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BMS Conference Poster: Unworkable – how the UK workplace fails women going through the menopause

BMS Conference Poster: Unworkable – how the UK workplace fails women going through the menopause

The British Menopause Society’s annual conference was held in Warwickshire this month and a team from NHMS presented findings from a survey commissioned by The Fawcett Society on the current picture of menopause experiences at work.

Dr Louise Newson joined forces with Dr Daniel Reisel, Andrew Bazeley, Kate Muir and Dr Rebecca Lewis to showcase three posters highlighting a range of different findings from surveys carried out into the perimenopause and menopause during this last year, commissioned by The Fawcett Society.

It is well known that the menopause can be disruptive and detrimental to a woman’s quality of life. However, the extent to which the menopause impacts wellbeing at work has not been clearly mapped out.

Researchers analysed the results of a large-scale panel survey of women aged 45-55 with current menopausal symptoms. The survey was conducted online and included 4,014 female respondents. Data was weighted to be representative of UK women aged 45-55 by age and region.

Results showed that almost half of the women surveyed (44%) reported that their menopausal symptoms had caused significant negative impact on their work. Common symptoms included reduced motivation and confidence, as well as the whole spectrum of physical symptoms associated with the menopause and perimenopause.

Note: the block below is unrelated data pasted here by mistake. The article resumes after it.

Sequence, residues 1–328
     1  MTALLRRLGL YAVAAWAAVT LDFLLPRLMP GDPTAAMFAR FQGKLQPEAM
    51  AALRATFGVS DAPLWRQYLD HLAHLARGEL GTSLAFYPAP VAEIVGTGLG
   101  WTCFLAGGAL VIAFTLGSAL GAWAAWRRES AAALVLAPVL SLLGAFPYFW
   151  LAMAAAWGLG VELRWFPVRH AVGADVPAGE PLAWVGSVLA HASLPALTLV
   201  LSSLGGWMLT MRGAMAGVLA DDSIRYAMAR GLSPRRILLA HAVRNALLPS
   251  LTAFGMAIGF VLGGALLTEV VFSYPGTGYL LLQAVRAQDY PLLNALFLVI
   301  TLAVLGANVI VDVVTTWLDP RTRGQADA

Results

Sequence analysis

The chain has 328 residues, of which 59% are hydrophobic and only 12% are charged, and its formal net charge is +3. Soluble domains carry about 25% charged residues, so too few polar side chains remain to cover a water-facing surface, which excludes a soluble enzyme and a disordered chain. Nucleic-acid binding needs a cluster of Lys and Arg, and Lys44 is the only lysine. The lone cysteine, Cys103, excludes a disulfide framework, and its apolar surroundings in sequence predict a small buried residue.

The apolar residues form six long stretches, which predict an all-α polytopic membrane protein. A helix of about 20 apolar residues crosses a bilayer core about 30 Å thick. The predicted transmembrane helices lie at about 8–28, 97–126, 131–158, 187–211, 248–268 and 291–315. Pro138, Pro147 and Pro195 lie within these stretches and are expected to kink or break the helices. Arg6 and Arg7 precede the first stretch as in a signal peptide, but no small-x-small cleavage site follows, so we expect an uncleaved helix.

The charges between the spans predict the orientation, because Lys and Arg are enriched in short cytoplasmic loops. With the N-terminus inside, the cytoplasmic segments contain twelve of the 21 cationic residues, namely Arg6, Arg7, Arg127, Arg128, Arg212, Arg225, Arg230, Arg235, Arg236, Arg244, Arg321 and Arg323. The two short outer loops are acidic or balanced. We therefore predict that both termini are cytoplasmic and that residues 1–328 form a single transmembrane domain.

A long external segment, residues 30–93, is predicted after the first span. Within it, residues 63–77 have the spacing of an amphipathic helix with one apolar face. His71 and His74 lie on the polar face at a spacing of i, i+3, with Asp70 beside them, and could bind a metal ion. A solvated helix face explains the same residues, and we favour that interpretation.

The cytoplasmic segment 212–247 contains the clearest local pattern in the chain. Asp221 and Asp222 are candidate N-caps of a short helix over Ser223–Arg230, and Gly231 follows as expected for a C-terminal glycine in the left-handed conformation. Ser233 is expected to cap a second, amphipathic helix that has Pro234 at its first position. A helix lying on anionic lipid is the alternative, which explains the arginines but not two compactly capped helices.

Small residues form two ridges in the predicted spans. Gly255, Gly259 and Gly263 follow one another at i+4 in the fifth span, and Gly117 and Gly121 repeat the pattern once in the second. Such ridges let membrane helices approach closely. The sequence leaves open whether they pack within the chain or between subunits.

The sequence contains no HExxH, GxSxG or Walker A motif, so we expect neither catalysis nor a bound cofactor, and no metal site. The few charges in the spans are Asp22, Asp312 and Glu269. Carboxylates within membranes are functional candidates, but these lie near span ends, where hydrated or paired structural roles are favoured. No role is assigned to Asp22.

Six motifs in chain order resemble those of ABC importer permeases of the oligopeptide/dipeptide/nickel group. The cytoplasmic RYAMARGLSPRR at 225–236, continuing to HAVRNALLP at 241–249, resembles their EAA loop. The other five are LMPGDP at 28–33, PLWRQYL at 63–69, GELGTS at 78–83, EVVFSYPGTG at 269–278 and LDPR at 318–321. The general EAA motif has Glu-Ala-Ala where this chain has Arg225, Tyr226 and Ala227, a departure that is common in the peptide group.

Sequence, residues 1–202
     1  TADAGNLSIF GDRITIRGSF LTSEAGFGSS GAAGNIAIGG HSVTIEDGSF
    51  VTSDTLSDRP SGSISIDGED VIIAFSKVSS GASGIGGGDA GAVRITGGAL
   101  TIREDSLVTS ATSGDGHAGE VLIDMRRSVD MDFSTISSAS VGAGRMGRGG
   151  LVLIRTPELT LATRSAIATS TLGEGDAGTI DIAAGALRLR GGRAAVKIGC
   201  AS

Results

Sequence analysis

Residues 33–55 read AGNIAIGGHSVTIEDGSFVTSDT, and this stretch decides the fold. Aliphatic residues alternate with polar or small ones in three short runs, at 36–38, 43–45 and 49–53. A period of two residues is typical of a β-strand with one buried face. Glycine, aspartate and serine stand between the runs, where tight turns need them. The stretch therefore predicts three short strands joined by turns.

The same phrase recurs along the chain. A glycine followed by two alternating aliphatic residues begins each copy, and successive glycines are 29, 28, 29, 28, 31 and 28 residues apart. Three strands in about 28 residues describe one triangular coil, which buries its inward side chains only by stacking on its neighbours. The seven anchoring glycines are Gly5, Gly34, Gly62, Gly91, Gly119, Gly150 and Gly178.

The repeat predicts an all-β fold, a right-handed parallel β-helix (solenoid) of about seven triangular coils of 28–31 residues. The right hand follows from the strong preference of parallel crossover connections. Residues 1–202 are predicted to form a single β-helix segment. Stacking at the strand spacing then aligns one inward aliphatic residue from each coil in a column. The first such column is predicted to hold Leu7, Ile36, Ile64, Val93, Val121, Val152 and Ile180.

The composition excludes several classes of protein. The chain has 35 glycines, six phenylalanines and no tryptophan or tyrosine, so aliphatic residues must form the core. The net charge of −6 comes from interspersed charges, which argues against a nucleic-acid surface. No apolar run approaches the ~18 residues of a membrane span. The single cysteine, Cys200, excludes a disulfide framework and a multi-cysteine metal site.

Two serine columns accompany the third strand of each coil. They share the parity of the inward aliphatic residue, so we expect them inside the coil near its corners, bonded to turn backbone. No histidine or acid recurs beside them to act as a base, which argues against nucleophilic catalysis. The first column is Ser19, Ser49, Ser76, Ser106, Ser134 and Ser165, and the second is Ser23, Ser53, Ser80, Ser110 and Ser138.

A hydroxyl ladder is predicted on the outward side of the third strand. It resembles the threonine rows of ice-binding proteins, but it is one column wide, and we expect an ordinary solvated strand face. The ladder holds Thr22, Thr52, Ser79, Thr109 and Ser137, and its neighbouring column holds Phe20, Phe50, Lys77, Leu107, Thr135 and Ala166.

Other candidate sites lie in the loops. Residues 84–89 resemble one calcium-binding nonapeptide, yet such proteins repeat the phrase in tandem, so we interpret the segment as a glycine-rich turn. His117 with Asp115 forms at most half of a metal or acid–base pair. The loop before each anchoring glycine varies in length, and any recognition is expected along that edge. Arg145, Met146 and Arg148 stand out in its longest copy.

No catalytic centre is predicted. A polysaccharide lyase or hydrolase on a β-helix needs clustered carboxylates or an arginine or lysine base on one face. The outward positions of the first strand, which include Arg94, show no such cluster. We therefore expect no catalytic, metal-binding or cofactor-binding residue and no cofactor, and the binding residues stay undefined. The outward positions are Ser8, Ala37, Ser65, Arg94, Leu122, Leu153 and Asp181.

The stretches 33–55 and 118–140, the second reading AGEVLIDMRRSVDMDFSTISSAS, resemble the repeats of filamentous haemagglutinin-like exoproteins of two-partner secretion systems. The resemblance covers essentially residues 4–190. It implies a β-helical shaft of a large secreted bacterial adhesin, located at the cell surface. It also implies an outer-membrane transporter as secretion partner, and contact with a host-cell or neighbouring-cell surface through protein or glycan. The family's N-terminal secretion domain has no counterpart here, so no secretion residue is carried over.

Additionally, researchers found evidence of workplaces being resistant to change – only 14% of respondents said their employer had put in place a menopause support network, and only 9% said their employer had a menopause absence policy. Many women felt unable to get adequate leave to recover from their symptoms and had to use other reasons than then menopause to apply for sick leave.

The impact on work and professional progression was equally profound. Of those surveyed, 28% had either reduced their hours or altered their working pattern to being part-time, and 10% had left their work due their workplace being unable to accommodate their needs. This equates to a workforce attrition of over 330,000 women between the ages of 45-55 years.

The authors concluded:

“These results suggest that the UK has a long way to go for women to feel supported at work, and for employers to be able to ensure that their staff are given a work environment able to adapt to their needs.”

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